In the October 1872 General Conference, President Brigham Young expressed an idea that captured my imagination and has led me to ask, “Why not?!”.
“We want to see a community organized in which every person will be industrious, faithful and prudent…. But if such a community could be organized, to show the Latter-day Saints how to build up the kingdom of heaven on the earth, I would be glad to see it—would not you?
“If this could be done I want to say to the Latter-day Saints, that I have a splendid place, large enough for about five hundred or a thousand persons to settle upon, and I would like to be the one to make a donation of it, with a good deal more, to start the business, to see if we can actually accomplish the affair, and show the Latter-day Saints how to build up Zion.”
So, if you were to ask me, “OK, Jesse, given all you’ve read and pondered about building Zion, if you could build a pre-Zion community right now, how would you go about it?” the steps below represent my current response.
NOTE: You’ll notice these steps are decidedly temporal/economic. I’ve found over 500 quotes by early LDS leaders about building Zion. One very clear theme among the quotes is that building Zion is as much (if not more) a temporal/economic effort as it is a spiritual one. As Apostle Daniel H. Wells put it in 1861, “To build up Zion is a temporal labor; it does not consist simply in teaching: teaching is to instruct us how to properly apply our labor, the sooner and better to accomplish the end in view. Bone and sinew is required to build up the kingdom of God in the last days.”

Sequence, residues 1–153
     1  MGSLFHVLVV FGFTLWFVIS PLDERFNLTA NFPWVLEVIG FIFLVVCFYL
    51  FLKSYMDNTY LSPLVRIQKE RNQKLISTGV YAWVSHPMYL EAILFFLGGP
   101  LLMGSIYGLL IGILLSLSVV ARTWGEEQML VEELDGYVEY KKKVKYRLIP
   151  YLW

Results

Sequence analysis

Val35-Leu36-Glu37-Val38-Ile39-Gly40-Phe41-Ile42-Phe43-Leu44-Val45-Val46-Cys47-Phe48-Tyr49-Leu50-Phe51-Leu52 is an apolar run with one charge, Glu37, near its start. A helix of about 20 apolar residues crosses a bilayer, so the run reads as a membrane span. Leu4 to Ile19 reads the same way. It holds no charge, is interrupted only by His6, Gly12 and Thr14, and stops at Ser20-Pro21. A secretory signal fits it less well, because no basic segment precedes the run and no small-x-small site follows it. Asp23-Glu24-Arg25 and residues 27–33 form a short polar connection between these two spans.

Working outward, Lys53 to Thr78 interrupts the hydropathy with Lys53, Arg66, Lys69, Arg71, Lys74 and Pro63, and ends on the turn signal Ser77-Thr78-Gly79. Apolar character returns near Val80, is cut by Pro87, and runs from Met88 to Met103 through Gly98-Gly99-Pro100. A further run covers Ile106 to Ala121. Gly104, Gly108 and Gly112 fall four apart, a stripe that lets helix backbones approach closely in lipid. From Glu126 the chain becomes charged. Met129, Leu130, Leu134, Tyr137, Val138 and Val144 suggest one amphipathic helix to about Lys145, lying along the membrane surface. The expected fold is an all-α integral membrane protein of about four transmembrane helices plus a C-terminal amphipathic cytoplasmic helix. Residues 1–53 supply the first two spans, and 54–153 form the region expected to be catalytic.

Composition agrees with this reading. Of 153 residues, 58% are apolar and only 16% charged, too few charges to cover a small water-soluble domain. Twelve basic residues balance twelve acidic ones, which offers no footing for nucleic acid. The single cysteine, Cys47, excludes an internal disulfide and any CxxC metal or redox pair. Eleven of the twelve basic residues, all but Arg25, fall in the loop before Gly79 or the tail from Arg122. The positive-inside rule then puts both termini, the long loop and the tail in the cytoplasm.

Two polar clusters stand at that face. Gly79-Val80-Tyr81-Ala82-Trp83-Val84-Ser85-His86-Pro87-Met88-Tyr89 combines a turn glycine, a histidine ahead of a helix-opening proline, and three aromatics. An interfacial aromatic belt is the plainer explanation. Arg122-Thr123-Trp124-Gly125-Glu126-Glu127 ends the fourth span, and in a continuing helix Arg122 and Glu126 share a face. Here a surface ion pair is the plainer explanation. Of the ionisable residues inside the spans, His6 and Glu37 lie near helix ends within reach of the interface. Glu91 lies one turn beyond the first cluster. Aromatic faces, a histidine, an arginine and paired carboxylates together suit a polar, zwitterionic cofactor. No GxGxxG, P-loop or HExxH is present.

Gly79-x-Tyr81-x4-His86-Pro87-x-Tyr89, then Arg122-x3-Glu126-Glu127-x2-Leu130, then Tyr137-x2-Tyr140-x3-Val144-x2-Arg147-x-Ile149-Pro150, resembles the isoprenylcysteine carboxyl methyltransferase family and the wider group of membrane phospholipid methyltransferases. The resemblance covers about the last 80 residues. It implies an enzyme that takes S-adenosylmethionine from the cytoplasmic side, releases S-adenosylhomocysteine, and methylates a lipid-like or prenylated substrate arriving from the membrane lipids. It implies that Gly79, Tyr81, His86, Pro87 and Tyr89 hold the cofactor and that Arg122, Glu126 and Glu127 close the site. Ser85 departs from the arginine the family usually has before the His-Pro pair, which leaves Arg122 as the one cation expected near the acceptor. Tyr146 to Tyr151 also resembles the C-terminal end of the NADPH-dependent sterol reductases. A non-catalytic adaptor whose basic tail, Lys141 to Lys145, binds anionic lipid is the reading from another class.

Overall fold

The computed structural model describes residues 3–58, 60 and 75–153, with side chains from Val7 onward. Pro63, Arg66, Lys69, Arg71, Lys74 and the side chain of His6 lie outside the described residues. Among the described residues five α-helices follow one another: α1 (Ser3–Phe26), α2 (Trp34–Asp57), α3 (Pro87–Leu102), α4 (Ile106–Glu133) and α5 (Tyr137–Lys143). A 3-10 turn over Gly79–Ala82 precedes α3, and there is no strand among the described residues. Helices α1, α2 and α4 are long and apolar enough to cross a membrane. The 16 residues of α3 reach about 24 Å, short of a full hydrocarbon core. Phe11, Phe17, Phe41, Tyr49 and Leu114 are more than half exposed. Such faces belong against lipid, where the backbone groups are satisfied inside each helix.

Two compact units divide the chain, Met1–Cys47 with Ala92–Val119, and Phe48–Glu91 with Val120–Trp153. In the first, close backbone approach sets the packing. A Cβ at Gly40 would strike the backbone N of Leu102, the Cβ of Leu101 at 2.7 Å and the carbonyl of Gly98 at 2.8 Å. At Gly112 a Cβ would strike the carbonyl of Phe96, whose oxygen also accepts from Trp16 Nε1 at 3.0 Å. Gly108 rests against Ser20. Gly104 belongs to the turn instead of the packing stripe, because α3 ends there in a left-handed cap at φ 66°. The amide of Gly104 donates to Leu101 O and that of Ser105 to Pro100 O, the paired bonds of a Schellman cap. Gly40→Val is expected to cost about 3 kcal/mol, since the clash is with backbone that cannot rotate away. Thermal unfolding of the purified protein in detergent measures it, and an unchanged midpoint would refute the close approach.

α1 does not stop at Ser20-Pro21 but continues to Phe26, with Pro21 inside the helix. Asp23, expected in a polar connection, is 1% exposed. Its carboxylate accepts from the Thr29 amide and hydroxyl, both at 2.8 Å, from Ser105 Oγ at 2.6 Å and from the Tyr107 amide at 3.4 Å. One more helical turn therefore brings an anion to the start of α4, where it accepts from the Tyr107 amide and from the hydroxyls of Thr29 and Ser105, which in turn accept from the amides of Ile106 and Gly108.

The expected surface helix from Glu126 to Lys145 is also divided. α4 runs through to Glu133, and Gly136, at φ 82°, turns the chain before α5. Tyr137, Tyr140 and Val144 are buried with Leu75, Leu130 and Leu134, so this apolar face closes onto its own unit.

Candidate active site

1. Follow John Taylor’s example and establish a Zion’s Board of Trade.
2. As a board, we’d prayerfully follow Lorenzo Snow’s example by:
c. Using the co-op’s profits to set up still others in business making other products to sell in the co-op.
d. Priority would be given to producing items crucial to the operation of a self-sufficient community.
3. All the while, hold workshops on how to purify our hearts.
4. We could then carefully transition from being a virtual community to a real one, eventually integrating all the co-op members into one brick-and-mortar community on, say, 160-400 acres of land — not in haste, but with prudence and in wisdom. Perhaps in this order:
b. Erect various forms of water sources (wells, solar water stills, etc.).
c. Plan and plant a large forest garden to eventually provide most of the community’s food.
d. Build the community’s first (multi-family?) off-grid home.
e. Build a central warehouse for the co-op store.
f. Start building facilities for the various manufacturing units of the co-op.
g. Build more off-grid homes for those whose jobs we’ve moved on-site.
h. Continue tweaking until the community is as close to self-sufficient as possible.
5. When Babylon falls, help build additional Zion-like communities.